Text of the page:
Father Rivard is a priest in a small, economically depressed coal mining town. Working on what he thinks is a "controversial" work, he lives with the brutal lives of his poor parishioners, ... See full summary »
Dick Van Dyke,
R.P.M. stands for (political) revolutions per minute. Anthony Quinn plays a liberal college professor at a west coast college during the hedy days of campus activism in the late 1960s. ... See full summary »
The money that fluttered away in the original 1963 film was counterfeit - "a red herring" - and the real treasure is still buried but down deeper in the ground. The sons, daughters and ... See full summary »
After a long prison sentence Smiler Grogan is heading at high speed to a California park where he hid $350,000 from a job 15 years previously. He accidentally careens over a cliff in view of four cars whose occupants go down to help. The dying Grogan gives details of where the money is buried and when the witnesses fail to agree on sharing the cash, a crazy chase develops across the state. Written by
Col Needham <email@example.com>
When the two lead cars head toward the airport, the same clip of them going down the airport road is shown twice, back to back. See more »
So! So someone will "stumble over the little girl's bicycle in the dark", huh? Well when I'm finished with *you*, they'll be stumbling over *YOU* in the *dark*!
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After Spencer Tracy's credit has been shown, the words "and in alphabetical order" appear, and the next group of credits is assembled below them by animated hands: Milton Berle, Sid Caesar, Buddy Hackett, Ethel Merman, Mickey Rooney, Dick Shawn, Phil Silvers, Terry-Thomas, and Jonathan Winters. But after a moment, the hands reappear to pull out Silvers' credit and move it to the top, then Winters', then Caesar's, and so on until everyone has had had a turn at top billing in the group. The hands then quickly shuffle the credits several more times for good measure, all the time with the "and in alphabetical order" label still in place. The final order is Silvers, Rooney, Berle, Winters, Merman, Hackett, Terry-Thomas, Caesar, Shawn. See more »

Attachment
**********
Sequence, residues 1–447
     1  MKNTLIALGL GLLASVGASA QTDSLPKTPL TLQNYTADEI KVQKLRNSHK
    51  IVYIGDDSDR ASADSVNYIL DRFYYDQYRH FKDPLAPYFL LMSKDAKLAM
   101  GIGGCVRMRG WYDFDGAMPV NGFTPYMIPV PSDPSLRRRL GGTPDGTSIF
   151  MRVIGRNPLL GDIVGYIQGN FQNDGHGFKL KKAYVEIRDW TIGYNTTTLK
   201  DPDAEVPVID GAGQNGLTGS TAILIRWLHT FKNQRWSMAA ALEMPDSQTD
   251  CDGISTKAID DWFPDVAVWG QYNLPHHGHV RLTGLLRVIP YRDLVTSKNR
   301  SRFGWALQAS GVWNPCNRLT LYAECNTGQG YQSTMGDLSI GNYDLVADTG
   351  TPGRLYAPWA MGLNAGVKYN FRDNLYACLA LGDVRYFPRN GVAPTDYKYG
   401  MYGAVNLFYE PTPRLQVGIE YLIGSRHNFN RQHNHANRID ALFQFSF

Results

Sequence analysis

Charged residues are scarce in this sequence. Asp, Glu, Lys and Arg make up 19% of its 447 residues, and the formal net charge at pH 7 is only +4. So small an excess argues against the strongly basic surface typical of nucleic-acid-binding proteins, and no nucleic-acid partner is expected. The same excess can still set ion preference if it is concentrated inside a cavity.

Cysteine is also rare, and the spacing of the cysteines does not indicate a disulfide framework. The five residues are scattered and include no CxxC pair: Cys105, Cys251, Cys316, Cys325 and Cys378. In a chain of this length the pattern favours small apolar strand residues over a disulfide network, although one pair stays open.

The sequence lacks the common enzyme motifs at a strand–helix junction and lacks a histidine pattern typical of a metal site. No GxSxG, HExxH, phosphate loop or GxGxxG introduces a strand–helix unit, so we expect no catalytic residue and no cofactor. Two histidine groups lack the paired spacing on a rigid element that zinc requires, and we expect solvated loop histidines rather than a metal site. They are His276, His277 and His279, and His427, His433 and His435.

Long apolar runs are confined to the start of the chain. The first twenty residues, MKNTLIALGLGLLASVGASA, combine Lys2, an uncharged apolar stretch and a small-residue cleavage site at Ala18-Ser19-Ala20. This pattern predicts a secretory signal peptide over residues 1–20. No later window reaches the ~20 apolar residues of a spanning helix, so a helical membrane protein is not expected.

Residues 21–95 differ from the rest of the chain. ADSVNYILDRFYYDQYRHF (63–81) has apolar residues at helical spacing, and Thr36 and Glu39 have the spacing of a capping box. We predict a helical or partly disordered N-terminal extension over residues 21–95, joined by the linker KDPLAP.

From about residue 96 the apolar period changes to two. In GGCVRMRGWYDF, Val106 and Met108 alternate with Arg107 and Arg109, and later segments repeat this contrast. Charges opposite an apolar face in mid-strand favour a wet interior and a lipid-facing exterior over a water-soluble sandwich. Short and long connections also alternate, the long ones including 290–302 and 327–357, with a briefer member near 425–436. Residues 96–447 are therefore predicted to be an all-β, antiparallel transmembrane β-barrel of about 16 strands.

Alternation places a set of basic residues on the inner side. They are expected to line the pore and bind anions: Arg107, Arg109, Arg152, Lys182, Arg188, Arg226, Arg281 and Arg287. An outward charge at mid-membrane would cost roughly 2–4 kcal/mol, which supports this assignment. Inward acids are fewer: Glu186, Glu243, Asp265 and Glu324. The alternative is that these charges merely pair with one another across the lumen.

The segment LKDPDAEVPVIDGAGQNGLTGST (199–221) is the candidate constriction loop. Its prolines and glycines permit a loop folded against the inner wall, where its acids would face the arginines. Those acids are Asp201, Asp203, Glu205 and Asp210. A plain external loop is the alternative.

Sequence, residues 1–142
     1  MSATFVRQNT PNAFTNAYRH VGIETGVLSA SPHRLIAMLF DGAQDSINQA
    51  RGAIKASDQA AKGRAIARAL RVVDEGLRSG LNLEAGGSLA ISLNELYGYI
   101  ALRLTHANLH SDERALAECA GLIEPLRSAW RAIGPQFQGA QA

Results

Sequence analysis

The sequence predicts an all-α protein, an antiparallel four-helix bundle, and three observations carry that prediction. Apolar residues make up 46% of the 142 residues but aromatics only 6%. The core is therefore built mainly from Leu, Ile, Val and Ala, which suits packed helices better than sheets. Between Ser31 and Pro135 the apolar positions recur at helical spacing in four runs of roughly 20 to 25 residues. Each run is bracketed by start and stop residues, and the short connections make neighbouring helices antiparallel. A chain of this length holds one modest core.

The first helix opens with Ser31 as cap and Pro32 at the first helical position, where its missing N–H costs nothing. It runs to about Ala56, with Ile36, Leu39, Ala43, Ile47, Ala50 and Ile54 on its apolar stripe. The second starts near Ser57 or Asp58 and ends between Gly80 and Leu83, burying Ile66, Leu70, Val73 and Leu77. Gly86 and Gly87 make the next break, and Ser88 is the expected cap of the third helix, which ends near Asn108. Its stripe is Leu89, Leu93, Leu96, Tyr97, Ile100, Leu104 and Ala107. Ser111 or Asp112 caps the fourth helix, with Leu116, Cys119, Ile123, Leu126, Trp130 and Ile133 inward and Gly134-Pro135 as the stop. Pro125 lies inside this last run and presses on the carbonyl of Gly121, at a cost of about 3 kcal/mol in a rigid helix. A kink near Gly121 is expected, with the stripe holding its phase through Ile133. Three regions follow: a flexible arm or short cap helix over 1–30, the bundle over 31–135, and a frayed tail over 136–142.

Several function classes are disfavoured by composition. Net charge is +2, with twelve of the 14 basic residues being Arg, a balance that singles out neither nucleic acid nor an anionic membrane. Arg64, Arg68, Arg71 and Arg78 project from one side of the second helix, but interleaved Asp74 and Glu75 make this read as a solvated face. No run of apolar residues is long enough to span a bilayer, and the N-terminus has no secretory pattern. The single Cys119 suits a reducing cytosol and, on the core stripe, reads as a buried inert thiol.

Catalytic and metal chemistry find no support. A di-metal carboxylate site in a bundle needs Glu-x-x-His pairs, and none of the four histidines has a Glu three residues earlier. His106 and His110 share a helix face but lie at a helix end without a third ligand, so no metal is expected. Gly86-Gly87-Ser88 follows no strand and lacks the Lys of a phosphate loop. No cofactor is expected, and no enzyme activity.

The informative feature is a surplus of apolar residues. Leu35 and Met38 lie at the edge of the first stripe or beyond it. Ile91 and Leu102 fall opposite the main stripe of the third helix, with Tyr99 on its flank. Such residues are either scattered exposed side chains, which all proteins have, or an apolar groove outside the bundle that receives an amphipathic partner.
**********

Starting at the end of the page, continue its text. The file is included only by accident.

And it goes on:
I never planned to write a review for this movie, until I took a stroll through the user comments, and was shocked at all the people who think it is.... God help us... overrated. No way. If anything, it is UNDERrated. I see people complaining about the endless shouting, the over the top slapstick, the brashness, the loudness, the length. I can only conclude that these people are a bunch of humorless dorks.
First of all, you can't just sit down to watch a three hour movie without knowing what you're in for. This is not your typical comedy--this is an EPIC comedy, the first of its kind, that inspired other such epics as "Those Magnificent Men in their Flying Machines" and "The Great Race" (which happens to be my favorite comedy--in fact, I'd like to say it's the better movie, but props go to this one for inventing the genre). And I can't speak for everyone else, but this movie leaves me laughing from start to finish.
Yes, it is very long, but it NEVER has a dull moment. Even if the amazing car stunts aren't particularly funny, you can't tell me they aren't wildly entertaining. I have yet to see an action movie with better car chases than these. And yes, the slapstick is ridiculously over the top, although I can't see how that's a problem (the gas station scene is one of the funniest in movie history, in my opinion). But underneath all the slapstick and shouting, holding the whole movie together, is that incredibly cynical message. It is a movie about kind, decent folks turning into law-breaking lunatics and ruining their lives for the sake of money. The subplot with Spencer Tracey realizing his entire life has been a waste, and then ruining what life he has left, is one of the most tragic story lines I have seen. But it's also pretty darn funny.
All the critics need to lighten up and see this for the absurd, delirious, hysterical farce it is.
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